The John Hewitt Society is delighted to announce the annual John Hewitt International Summer School where we will welcome well-known names from the worlds of literature, arts, politics and media. This year’s International Summer School will take place from 25 to 30 July 2022 with the theme:
Finding the nation: redefining home and country for a shared future
This is my home and country. Later on
perhaps I’ll find this nation is my own…
John Hewitt, “Conacre”, 1943
In this annual summer festival of arts, culture and political discourse, we will set out to address issues of diversity, to explore how much “home”, “country”, “identity” and “nation” matter, or should matter in a shared future, and consider the experience of those who feel excluded from existing political structures.
Contributors drawn from Ireland and elsewhere covering a wide range of topics and genres will include David Park, Val McDermid, and Ardal O’Hanlon in a promising return to live events at our festival base in the Market Place Theatre and Arts Centre Armagh.
The opening address will be presented by Professor Olivette Otele of the University of Bristol. Professor Otele, the UK’s first black female Professor of History, and she will explore the links between history, collective memory and geopolitics and how questions of citizenship, race and identity are addressed. The Society is grateful to the Commission for Victims and Survivors NI for sponsoring this event.
Other talks will feature Andy Pollak, sponsored by The Irish Association, addressing what the Republic needs to do to become more appealing to Unionists, Martin Collins, Co-Director of Pavee Point Traveller & Roma Centre, considering Traveller Equality, Professor Katy Hayward, QUB, will give a talk on the impact of Brexit on North/South and Ireland/UK relationships, and Dr Tara McEvoy will deliver the annual John Hewitt lecture.
Renowned Belfast born Visual Artist Gareth Reid, who will also speak about his acclaimed portraiture in the Visual Arts Talk, will launch his first solo exhibition in Northern Ireland for a decade in the Gallery, while Bangor based Geraldine Hamoonga Michelo will launch her latest exhibition on the Foyer Walls.
Poetry will again be strongly represented with readings from Queering The Green Anthology, and from poets Richard Scott, Victoria Kennefick, Nandi Jola, Jessica Traynor, John McAuliffe, Ailbhe Ní Ghearbhuigh and Molly Twomey. In a special digital event former Jamaican Poet Laureate Professor Mervyn Morris and poet Professor Edward Baugh will take part in a reading live from the Caribbean Island.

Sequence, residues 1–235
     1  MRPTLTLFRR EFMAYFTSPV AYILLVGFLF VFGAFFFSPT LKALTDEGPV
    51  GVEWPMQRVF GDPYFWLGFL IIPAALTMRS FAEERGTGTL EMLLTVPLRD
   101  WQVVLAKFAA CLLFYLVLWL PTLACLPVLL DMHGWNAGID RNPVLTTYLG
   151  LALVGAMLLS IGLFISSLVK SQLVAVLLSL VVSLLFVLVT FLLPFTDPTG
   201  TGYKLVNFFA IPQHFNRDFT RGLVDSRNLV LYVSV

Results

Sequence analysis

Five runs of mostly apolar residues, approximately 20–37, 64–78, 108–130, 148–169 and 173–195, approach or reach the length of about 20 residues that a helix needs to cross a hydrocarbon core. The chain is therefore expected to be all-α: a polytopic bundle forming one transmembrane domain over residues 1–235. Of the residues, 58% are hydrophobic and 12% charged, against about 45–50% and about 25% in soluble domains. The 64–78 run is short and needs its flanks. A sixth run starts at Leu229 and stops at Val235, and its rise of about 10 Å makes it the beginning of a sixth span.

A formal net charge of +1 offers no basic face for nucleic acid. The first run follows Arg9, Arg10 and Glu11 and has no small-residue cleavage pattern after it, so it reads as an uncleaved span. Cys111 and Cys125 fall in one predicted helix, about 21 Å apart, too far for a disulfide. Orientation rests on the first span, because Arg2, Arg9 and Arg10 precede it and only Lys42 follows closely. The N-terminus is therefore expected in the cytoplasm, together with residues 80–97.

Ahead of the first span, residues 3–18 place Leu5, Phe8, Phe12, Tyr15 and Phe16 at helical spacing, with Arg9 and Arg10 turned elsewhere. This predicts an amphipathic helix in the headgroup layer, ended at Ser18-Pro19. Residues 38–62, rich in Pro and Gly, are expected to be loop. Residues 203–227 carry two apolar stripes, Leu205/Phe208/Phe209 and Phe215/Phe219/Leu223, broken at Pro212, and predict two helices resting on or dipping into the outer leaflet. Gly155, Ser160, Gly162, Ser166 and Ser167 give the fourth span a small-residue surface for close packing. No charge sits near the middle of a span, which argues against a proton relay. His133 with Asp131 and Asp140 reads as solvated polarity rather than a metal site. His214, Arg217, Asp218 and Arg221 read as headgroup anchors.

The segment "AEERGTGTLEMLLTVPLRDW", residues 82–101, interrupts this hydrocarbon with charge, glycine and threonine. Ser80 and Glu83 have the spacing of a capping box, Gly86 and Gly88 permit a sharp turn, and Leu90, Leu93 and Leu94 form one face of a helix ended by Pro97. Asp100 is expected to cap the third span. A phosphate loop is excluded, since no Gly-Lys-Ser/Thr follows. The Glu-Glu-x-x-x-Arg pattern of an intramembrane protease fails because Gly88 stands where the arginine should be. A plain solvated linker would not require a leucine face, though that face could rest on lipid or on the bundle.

Fiction highlights will feature authors Jan Carson, David Park, Audrey Magee, Louise Kennedy and Una Mannion. Bernie McGill and Wendy Erskine will celebrate the short story, while Kerri ní Dochartaigh, Suad Aldarra, Kevin Doherty, Olivia Fitzsimons and Kathleen Murray will discuss their recent books. Well know local crime writer Stuart Neville will host a Crime Fiction Special with celebrated crime writers Val McDermid and Mark Billingham, and BBC presenter William Crawley will interview Ardal O’Hanlon about his latest crime fiction novel, “Brouhaha”.
There will be two panel discussions, a Slugger O’Toole special with Alex Kane, Lilian Seenol-Barr and Sorcha Eastwood MLA who will join host Alan Meban to consider the theme and a discussion by journalists Gordon Adair, Deric Henderson, Ivan Little, Eric Villers, and David Lynas on their contributions to the latest book, Reporting The Troubles 2.
Evening performances include The West Ocean String Quartet, ‘Before’ a one man play by Pat Kinevane, The Mary Anne McCracken show with Jane Cassidy and Maurice Leyden, and a wonderful new Joycean musical, ‘Misses Liffey,’ concluding with An Open Mic Night JHISS Special hosted by Armagh Theatre Group.
With seven Creative Writing Workshop Courses to choose from, new and existing writers can develop their skills, knowledge and confidence as writers, supported by The Open University. The week will end with the annual workshop writers’ showcase when some participants will be invited to read their new work to an invited and assembled audience.
No Alibis Bookstore Belfast will provide their annual book stall in the foyer (with signings by willing visiting authors) and with thanks to The North South Ministerial Council and to The Mayor of Armagh City, Banbridge, and Craigavon Borough Council for hosting their receptions.
As in previous years, Summer School will offer a number of bursary awards to enable a wide range of people to attend and appreciate the week’s events. The Society would like to thank those funders and sponsors who have made these awards possible, including The Community Relations Council, Local Authorities, the Irish Department of Foreign Affairs and Trade: Reconciliation Department, Corporate organisations and individual sponsors.
This week of celebration of the arts, culture and debate is made possible through the continued partnership and support from a wide range of organisations such as; The Arts Council of Northern Ireland, Armagh City, Banbridge and Craigavon Borough Council, Commission for Victims and Survivors, Open University, The Irish Association, The Gallery Press, Poetry Ireland, Slugger O’Toole, No Alibis Bookstore, advertisers, donors and most especially to our Friends of the Festival, loyal supporters and volunteers who continue to support us year on year. Your generosity is much appreciated at this time.
We look forward to catching up with old friends and new once again in the Market Place Theatre & Arts Centre for an inspiring programme of live events from 25th – 30th July 2022. So if you haven’t been to Armagh in a while, do join us.
The John Hewitt Society.